This season already, the top three of Chelsea and the Manchester clubs have made a break for it. Arsenal are ten points behind Chelsea after only eight games which make the ‘could Arsenal challenge for the title this season’ and ‘Steve Bould is a genius defensive coach’ articles of yesterweek now look ridiculous.
Spurs are eight points behind Chelsea, having won away at Old Trafford, beaten or conceded late equalisers to a bunch of mediocre middle of the table sides and having lost at home to Chelsea. They’ve done well considering Modric and Rafael Van der Vaart have gone, along with Andre Villas-Boas and a new style of play being brought in. Fourteen points from eight games after a summer of upheaval and revolution isn’t bad at all.
But where Spurs and Arsenal are so similar is in how frustrating they are to their fanbases. Both are sides capable of beating the best but also more than capable of losing to sides they really shouldn’t get beaten by in a million years. See Norwich, a plucky not very good side beating Arsenal 1-0 on Saturday. Arsenal are eminently better than Norwich, should win easily, but were lacklustre, hopeless in front of goal and never looked like scoring. These sort of limp, 1-0 defeats to Norwich, Wigan, Stoke etc have been afflicting them for years.
Spurs are similar. No win is ever guaranteed like it is with Man United or Chelsea when they were in their Mourinho-led pomp. They’ve drawn at home this season to West Brom and Norwich when with performances of more conviction they’d have won both games. Before that see their poor results the last few seasons against teams like Wolves (more than once), Stoke, Wigan, Hull, Norwich (again more than once), QPR and Aston Villa at the end of last season. There have been constant slip-ups against poor sides that turn normally sane supporters into men, women and children “Madder than Mad McMad, winner of last year’s Mr Madmen contest”. And mean the likes of Spurs and Arsenal are never going to trouble the truly top teams over a thirty eight game season.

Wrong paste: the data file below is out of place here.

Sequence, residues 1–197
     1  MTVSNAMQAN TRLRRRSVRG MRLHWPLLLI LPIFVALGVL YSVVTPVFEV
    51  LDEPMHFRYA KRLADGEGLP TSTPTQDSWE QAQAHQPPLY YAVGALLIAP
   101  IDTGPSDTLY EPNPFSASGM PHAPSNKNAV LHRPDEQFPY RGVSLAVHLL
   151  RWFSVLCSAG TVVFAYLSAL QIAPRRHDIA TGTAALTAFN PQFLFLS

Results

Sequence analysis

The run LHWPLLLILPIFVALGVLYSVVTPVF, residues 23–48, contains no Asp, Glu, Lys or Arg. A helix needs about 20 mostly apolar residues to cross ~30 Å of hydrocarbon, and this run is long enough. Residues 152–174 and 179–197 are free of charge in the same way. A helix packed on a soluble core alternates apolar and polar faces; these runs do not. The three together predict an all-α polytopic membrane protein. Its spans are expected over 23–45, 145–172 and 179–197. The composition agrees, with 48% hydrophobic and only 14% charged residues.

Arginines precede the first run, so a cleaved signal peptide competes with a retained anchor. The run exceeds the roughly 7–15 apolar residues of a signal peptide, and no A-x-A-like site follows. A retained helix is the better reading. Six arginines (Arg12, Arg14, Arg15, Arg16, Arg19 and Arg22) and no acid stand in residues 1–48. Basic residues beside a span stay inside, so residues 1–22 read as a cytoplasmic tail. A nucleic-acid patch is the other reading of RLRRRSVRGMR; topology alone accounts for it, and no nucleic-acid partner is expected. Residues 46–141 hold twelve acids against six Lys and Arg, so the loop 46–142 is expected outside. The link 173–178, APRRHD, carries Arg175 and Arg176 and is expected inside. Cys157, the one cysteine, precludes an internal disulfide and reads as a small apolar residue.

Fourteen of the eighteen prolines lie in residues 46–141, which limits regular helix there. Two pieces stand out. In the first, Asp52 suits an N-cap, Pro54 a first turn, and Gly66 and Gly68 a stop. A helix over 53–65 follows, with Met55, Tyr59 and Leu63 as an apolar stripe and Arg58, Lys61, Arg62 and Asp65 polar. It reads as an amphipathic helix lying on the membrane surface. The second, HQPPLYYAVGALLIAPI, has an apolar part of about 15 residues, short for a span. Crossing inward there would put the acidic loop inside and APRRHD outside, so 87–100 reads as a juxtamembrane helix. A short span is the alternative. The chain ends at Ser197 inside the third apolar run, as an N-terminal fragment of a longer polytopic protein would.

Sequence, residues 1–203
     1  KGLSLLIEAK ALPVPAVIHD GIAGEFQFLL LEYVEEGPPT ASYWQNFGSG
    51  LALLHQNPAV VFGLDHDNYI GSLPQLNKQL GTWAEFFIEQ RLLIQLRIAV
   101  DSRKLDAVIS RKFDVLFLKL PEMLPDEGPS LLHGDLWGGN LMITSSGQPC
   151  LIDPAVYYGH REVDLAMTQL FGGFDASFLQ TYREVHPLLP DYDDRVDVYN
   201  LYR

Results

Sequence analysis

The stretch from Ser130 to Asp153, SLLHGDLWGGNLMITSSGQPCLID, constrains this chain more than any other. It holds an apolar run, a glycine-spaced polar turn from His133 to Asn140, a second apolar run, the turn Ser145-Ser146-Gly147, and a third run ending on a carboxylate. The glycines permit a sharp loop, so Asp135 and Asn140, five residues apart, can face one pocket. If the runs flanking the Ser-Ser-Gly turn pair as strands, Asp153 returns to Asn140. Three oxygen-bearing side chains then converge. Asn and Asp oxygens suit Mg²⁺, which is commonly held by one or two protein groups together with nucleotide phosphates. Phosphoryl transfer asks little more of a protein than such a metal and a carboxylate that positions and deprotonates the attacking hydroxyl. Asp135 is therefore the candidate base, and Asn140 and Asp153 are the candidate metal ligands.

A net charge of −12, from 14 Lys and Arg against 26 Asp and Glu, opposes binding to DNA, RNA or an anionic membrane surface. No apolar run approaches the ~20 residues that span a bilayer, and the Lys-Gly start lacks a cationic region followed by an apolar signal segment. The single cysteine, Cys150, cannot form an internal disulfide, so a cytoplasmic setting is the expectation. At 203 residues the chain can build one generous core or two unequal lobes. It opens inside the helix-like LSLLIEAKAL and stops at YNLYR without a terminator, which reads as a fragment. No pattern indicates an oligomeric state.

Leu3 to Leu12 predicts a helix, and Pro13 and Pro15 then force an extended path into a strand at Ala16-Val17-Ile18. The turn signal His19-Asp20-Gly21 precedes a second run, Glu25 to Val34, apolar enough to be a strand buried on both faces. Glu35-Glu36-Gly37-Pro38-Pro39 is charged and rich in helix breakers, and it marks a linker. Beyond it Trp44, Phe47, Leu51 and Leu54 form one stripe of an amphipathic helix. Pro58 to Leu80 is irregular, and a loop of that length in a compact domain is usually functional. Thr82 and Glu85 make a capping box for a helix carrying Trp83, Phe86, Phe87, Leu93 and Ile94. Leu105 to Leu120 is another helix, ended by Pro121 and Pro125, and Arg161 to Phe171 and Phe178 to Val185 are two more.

Here are two inconsistent, maddening teams for fans to follow within three miles of one another geographically. Arsenal overall in their history have more trophies and success but in the last five years or so have only been slightly ahead of Tottenham. The average league positions, aesthetically pleasing styles of play, wonderful wins, at times glorious football, sombre 1-0 defeats in rain and mud to mid-table, bottom dwelling, rotten teams playing a glorified form of hurling behind the façade of playing football. Devastating, gut wrenching, soul destroying defeats in the latter stages of the domestic cup competitions. You can barely distinguish Spurs from Arsenal looking at all those things.
They wear different colours, have different stadiums (though Spurs planned new ground is eerily similar to the Emirates in design), have different personnel playing and managing them and are separated by three miles down the Seven Sisters Road.
But overall, given all the similarities between the clubs and despite all the anger and vitriol that exists between both sets of fans, supporting Spurs and Arsenal is pretty much the same isn’t it?